Monday, April 17, 2017

Ancient Egypt this week: Tombs and Mummies

Life Histories of Theban Tombs

Life Histories of Theban Tombs (LHTT) focuses on a cluster of rock-cut tombs built during the 2nd millennium BC at the hillside of Sheikh ‘Abd el-Qurna in Western Thebes. The project draws on an integrative archaeological perspective that combines archaeological research with scientific, material, and historical analysis. Its main objectives are to investigate the natural and anthropogenic evolution of the hillside and to explore the history of the tombs, objects, and people connected with it, from the early 2nd millennium BC to the 20th century. LHTT prioritizes research procedures that give relevance to detail and variation, and uses technical and electronic equipment that supports quantifiable, precise data collection often on a micro-analytic level (Research). Digital data processing and an interactive database system, which will eventually be transmitted into an open source for students of archaeology and related fields, are also an important part of the research strategy.

Steep commute gave ancient Egyptian workers osteoarthritis

Commuting to work can be a real pain, and it was no different in ancient Egypt. About 3500 years ago, the artisans who dug out and decorated the rock-cut royal tombs in the Valley of the Kings—the burial ground of Egypt's New Kingdom pharaohs—had to walk about 2 kilometers from their homes, over the Theban hills, to the royal necropolis for work. It was a steep climb, repeated week after week for years, leaving them suffering from osteoarthritis in the knees and ankles, according to a new study.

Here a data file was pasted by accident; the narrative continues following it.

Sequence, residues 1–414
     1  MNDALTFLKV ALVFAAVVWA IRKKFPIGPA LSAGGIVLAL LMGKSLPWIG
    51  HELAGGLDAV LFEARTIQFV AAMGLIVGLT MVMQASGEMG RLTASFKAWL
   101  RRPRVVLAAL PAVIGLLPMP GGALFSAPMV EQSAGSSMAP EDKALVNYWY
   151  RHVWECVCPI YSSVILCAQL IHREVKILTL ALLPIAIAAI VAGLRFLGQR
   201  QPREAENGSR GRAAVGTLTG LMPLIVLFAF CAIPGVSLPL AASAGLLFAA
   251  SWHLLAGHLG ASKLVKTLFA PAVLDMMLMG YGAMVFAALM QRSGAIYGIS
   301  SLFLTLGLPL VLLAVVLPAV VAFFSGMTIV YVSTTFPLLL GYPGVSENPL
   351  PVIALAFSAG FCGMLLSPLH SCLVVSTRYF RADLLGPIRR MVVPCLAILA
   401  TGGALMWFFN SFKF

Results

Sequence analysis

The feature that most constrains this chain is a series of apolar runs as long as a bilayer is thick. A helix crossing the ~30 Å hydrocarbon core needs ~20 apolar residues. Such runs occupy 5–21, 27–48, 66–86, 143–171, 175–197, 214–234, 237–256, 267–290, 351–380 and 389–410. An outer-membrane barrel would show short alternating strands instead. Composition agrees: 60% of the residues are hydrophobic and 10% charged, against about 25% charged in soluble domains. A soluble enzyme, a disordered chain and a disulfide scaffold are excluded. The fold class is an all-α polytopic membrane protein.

Zahed Taj-Eddin’s ‘Shabtis: Suspended Truth

Responding to the current political debate on the subject of migration, Manchester Museum has commissioned a gallery installation by Syrian-born artist Zahed Taj-Eddin, which reflects on the Museum’s world-class Egyptology collection. Zahed Taj-Eddin was inspired particularly by Manchester Museum’s extensive collection of shabti figurines, which were placed in large numbers in tombs to act as servants for the afterlife. He has previously created 99 faience ceramic ‘Nu’ Shabtis for popular shows at the V&A, Petrie Museum of Egyptian Archaeology and elsewhere.

Surprise! What 3D Scan Revealed Inside Egyptian Cat Mummy (video)

Behind the scenes at the University of Aberdeen Museums, researchers are using high-tech 3D imaging software to reveal what is inside a 2,000-year-old Egyptian cat mummy and other ancient mummified artifacts in the museums' collections.

In his introduction, author Ronald Fritze defines Egyptomania as “a fascination with ancient Egypt in its many aspects.” He sees it as a phenomenon that has existed for 3,000 years or more and can take scholarly and popular culture forms. The Egypt of myth and legend attracts the most interest. Fritze states that his book “will primarily concentrate on the idea of Egypt and Egyptomania in popular culture.” The author is dean of arts and sciences and professor of history at Athens State University in Alabama. 


A fragment from a mysterious life-sized pinky finger from an ancient Egyptian statue has been discovered by the Temple Mount Sifting Project.

The find comes one week after the project announced it lost government funding, and would have to cease operations.

Famed Egyptologist Zahi Hawass appointed IFPSD Cultural Heritage Ambassador

The International Federation for Peace and Sustainable Development chose Egypt's Hawass for his contributions to the field of archaeology, in both excavation and conservation.

Renowned Egyptologist and former Minister of Antiquities, Zahi Hawass has been selected by the International Federation for Peace and Sustainable Development (IFPSD), an affiliate organisation of the United Nations, as its official "Ambassador for Cultural Heritage."

Photo of the week

Hathor-head from the "House of Eternity" of Senenmut, ca. 1479–1458 BCE. Detail from the painted restoration by Nina de Garis Davis for the Egyptian Expedition of the Metropolitan Museum of Art. Found on the Grand Egyptian Museum Facebook page.